New Jersey may give police, fire unions full control over pensions

A bill advancing in the New Jersey Legislature would authorize the state’s police and firefighters unions to manage their own pension funds. (Alan Tu/WHYY)

A bill advancing in the New Jersey Legislature would authorize the state’s police and firefighters unions to manage their own pension funds. (Alan Tu/WHYY)

A bill advancing in the New Jersey Legislature would authorize the state’s police and firefighters unions to manage their own pension funds.

Pat Colligan, the president of the New Jersey State Policemen’s Benevolent Association, said the policy change would help the unions improve the performance of their funds.

“We’re looking to just modernize and be able roll into different investments as the markets dictate, make faster decisions,” he said.

Former Gov. Chris Christie vetoed a similar bill last year.

Fairleigh Dickinson political science professor Peter Woolley said it’s one of many bills that majority Democrats are bringing back, hoping that Gov. Phil Murphy, a fellow Democrat, will sign them.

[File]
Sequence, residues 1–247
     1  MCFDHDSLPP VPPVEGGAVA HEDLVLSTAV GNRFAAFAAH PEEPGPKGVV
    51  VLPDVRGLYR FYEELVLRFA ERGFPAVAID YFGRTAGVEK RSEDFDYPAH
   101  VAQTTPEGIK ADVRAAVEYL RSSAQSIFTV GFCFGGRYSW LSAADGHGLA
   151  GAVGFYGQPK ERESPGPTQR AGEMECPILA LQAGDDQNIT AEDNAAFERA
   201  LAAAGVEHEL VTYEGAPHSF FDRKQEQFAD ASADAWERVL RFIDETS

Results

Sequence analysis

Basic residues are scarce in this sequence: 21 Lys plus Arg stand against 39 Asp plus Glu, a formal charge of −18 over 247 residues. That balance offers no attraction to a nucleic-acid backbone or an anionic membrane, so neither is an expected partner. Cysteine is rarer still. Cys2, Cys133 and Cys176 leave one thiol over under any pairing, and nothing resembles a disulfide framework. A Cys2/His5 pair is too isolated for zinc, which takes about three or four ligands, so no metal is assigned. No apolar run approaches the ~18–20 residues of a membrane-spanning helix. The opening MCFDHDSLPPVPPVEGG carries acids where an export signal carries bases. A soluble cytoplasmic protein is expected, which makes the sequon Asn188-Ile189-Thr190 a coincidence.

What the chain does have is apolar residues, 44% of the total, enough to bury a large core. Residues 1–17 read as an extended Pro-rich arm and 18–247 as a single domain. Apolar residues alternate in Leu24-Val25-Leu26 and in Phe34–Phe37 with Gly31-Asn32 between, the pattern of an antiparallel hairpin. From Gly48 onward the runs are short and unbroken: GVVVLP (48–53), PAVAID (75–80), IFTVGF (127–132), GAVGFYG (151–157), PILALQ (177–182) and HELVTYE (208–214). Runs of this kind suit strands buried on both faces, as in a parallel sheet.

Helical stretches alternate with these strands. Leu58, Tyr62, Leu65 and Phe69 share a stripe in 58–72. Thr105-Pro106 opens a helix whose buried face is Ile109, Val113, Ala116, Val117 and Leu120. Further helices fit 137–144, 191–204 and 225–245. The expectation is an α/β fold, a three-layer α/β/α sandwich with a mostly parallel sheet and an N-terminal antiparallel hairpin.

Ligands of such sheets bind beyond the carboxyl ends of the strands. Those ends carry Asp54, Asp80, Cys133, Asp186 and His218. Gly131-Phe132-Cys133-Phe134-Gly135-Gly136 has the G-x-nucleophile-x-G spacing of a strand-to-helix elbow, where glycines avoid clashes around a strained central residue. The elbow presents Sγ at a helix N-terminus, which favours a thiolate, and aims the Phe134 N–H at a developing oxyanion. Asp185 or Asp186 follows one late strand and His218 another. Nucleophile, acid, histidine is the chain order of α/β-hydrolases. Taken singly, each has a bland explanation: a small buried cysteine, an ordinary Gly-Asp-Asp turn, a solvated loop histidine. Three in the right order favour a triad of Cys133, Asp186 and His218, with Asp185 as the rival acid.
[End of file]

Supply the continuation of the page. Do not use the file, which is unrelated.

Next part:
“I think this is going to take up a lot of the Legislature’s time. I think they’ve been anticipating this opportunity for many months, even years, and now is the time,” Woolley said. “The iron is hot. They will strike.”

While Democrats appear united in trying to reverse Christie’s actions, Seton Hall public affairs professor Matthew Hale said that could change when lawmakers take up major policy issues.

“All of the things that we’re seeing right now are things that Democrats have wanted, that are important, but they’re not sort of the core plans of either Phil Murphy or [Senate President] Steve Sweeney,” Hale said. “So, we’ll see what happens when we get to the big-ticket items.’

All the time spent on bringing back bills that Christie rejected could be devoted to tackling other issues, said Montclair State University political science professor Brigid Harrison.

“Whether that is the economy, whether it is true pension and budget reform, at least negotiations or talks about that,” she said. “Doing things that would create a positive revenue stream, or at least planning for those things, so when it comes to the budget we’re not in a crisis situation.”

Murphy will deliver his first state budget plan to the Legislature next month.

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